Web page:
All three of today's questions relate to fear, not skill. When you've worked your whole life for someone else it's hard to think about being on your own. But stop and think for a minute. It's acquiring skill that's the hard part. No one will ever go hungry if they have a skill or talent that someone else needs. Marketing ability? That's what the Over60Exchange is all about. People skills? You can learn those, no matter how old you are. You probably already know how to please potential clients better than some young whippersnapper right out of trade school.

Satisfying work, done well into "retirement" age, consists of doing something that you love, and doing it well. That's a valuable commodity. It's worth good money. So are you.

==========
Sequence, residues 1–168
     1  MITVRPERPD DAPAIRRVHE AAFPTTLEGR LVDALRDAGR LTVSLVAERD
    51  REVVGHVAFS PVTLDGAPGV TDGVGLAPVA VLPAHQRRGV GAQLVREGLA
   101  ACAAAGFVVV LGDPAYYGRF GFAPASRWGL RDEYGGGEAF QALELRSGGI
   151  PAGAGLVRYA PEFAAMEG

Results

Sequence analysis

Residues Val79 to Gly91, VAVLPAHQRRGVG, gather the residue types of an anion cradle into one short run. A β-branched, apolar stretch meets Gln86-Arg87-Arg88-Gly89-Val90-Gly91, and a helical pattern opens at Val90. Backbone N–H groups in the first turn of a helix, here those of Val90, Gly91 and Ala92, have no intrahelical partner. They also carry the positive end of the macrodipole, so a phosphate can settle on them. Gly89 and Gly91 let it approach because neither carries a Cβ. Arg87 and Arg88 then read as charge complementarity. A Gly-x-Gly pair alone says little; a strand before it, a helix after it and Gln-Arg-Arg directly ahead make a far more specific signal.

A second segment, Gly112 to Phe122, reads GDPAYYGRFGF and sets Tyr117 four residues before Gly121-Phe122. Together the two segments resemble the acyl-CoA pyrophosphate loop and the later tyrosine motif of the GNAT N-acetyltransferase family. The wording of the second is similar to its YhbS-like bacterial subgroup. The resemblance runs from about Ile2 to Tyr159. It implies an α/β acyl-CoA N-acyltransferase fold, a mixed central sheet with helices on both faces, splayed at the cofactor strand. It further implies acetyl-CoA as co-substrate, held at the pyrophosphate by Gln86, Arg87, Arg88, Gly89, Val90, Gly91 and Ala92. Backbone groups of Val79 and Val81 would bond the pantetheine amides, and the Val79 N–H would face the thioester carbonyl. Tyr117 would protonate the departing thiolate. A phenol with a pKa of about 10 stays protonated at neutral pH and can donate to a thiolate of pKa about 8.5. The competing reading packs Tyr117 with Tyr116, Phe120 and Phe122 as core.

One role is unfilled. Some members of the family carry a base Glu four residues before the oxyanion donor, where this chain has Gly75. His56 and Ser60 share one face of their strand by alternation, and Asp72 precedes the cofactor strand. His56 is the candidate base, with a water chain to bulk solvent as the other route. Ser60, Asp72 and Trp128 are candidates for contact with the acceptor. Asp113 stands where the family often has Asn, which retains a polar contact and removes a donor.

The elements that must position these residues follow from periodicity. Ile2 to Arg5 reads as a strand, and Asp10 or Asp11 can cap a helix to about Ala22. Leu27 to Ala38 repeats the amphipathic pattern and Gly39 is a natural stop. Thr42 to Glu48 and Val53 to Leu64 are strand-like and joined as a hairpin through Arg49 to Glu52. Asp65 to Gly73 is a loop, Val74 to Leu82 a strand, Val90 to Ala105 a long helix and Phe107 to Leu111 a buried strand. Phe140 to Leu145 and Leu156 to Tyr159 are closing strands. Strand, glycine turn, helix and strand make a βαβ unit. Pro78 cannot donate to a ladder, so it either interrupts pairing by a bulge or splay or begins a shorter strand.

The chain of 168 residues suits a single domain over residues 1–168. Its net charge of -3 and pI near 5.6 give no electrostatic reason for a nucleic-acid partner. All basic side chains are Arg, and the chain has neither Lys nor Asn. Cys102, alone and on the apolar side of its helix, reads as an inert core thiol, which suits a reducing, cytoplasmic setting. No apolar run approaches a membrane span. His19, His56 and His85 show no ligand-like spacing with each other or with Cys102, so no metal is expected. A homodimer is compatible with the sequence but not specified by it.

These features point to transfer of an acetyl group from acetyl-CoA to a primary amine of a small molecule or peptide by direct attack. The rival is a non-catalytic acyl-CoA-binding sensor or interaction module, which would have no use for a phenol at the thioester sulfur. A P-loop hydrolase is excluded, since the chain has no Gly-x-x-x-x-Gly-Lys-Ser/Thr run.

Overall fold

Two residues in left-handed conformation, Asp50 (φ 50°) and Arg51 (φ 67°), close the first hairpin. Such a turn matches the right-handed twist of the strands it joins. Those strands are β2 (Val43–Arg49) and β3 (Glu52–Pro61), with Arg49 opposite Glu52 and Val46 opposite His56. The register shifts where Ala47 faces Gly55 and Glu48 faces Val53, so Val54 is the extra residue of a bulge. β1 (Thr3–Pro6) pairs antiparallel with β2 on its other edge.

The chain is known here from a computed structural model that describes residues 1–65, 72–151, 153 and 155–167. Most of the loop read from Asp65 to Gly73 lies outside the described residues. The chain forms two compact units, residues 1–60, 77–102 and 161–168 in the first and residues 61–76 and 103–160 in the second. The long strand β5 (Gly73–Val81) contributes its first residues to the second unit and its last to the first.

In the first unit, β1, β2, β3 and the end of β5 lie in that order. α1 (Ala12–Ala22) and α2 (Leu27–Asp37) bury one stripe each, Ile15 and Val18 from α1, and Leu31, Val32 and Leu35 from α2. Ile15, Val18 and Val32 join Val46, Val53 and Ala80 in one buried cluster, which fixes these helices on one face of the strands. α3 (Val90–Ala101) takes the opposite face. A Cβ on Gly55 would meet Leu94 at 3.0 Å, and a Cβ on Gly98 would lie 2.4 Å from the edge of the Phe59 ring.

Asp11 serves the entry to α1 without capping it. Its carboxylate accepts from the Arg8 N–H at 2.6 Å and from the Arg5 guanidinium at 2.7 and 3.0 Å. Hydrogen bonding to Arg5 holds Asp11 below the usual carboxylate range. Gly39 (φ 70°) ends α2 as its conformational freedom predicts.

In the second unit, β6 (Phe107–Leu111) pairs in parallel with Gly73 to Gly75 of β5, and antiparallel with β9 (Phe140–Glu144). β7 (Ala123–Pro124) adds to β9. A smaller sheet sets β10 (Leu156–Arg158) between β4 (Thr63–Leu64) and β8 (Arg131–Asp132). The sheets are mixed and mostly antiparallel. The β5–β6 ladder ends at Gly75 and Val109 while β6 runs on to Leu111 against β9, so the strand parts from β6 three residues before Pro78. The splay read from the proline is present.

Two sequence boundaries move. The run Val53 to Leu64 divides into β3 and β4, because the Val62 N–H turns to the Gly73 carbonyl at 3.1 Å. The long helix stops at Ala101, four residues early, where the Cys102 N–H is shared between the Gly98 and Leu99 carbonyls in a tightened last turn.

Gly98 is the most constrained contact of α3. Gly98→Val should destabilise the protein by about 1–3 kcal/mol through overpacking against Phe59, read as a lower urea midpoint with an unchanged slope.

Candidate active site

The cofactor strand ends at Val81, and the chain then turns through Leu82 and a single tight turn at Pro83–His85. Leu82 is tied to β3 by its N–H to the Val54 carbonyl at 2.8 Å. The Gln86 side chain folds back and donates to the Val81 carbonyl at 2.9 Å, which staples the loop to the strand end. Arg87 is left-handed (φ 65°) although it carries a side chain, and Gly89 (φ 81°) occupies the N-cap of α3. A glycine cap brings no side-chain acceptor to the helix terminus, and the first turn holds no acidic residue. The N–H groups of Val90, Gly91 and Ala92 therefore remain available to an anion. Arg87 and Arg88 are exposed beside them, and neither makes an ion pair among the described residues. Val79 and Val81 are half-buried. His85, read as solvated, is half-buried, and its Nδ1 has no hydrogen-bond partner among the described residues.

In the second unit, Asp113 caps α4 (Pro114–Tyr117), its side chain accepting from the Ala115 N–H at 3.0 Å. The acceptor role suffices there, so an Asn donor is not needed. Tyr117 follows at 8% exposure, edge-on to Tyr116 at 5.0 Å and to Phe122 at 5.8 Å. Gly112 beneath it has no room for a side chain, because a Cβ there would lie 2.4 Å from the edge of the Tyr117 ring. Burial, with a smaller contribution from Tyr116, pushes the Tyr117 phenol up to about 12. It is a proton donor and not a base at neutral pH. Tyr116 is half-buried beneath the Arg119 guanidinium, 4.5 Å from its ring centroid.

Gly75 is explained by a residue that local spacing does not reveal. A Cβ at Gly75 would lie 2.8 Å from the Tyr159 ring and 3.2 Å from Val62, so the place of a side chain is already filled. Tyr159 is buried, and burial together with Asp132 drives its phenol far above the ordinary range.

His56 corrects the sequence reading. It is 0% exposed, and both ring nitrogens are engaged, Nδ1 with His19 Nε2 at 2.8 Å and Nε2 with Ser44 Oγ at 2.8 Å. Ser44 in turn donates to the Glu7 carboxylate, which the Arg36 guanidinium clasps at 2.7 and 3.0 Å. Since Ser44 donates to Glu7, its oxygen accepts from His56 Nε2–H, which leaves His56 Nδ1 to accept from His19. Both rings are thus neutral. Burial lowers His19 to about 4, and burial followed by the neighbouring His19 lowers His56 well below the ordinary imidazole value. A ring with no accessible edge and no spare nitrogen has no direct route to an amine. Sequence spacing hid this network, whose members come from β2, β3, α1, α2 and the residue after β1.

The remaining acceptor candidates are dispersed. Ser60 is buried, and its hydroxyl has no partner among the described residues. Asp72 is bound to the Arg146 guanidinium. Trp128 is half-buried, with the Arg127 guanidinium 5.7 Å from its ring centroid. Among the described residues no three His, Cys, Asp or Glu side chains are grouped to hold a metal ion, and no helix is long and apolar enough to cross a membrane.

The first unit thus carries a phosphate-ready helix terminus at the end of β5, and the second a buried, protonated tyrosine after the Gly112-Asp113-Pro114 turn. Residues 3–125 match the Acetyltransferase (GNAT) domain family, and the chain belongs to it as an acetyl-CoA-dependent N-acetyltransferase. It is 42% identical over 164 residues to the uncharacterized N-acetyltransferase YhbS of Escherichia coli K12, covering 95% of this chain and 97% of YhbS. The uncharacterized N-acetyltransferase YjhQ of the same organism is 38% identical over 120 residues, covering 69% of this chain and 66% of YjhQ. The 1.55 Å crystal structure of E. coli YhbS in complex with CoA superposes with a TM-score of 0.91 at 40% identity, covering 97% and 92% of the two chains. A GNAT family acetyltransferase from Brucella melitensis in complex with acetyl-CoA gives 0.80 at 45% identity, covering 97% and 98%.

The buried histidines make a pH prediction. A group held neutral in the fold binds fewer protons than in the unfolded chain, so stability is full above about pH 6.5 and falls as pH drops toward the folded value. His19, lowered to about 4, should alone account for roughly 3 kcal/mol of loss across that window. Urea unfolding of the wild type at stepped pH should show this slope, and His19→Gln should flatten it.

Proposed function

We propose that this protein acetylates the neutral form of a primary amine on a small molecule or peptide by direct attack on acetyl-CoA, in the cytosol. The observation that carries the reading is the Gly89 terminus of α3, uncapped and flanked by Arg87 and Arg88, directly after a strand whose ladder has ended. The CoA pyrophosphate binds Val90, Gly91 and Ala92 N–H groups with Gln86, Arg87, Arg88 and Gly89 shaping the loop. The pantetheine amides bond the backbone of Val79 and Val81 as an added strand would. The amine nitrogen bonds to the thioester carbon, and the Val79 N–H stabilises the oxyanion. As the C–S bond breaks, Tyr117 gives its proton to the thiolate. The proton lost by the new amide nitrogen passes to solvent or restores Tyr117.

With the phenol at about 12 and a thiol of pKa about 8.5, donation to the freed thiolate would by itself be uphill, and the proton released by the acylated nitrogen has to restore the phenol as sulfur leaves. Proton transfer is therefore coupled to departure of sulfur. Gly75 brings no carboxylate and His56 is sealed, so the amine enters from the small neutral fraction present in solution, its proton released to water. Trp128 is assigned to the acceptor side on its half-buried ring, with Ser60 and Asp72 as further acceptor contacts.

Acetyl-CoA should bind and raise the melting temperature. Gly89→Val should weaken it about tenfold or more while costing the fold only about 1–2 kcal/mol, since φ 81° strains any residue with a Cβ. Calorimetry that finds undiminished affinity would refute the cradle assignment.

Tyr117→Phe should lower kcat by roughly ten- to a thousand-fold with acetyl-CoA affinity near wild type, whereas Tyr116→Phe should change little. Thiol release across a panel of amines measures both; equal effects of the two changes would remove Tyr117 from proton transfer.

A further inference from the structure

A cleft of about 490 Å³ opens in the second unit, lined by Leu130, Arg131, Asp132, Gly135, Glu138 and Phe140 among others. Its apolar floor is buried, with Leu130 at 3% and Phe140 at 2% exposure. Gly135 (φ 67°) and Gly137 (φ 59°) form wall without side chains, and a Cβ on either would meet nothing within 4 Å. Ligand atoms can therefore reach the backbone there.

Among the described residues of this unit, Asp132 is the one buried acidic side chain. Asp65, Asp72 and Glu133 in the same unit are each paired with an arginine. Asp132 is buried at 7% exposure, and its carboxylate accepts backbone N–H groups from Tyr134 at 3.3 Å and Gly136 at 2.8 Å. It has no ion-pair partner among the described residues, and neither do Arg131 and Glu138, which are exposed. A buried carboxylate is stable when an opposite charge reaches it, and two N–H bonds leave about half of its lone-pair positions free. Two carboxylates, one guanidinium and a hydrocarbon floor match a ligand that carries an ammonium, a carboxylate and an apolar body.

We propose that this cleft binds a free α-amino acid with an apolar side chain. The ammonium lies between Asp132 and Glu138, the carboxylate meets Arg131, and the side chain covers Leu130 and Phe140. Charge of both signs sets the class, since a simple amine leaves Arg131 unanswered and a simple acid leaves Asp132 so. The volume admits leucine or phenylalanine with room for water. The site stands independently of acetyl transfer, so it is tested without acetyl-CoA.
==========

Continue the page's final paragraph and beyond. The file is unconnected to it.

Answers to Frequently Asked Questions About Membership

August 23, 2012 in Frequently Asked Questions (FAQ)

GENERAL QUESTIONS
Question: What is the Over60Exchange?
Answer: The Over60Exchange is for people age 60 and older to communicate with each other about all things involving life in the later years. It could be on How to Stay Independent, Healthy and Happy or to search for Information on particular subject. It could be searching for Inspiration and Motivation or for any number of other subjects.
 
Question: Does the Over60Exchange offer benefits to its members?
Answer: Yes. The Over60Exchange not only provides critical and timely information, it is also a source of real life information and insight provided by other members. This active “give & take” will grow more powerful as time goes by and the membership grows. This information will allow Over60Exchange members to be ahead of non-members when making decisions or anticipating lifestyle direction changes.
 
Question: Can someone join that is not age 60 or older?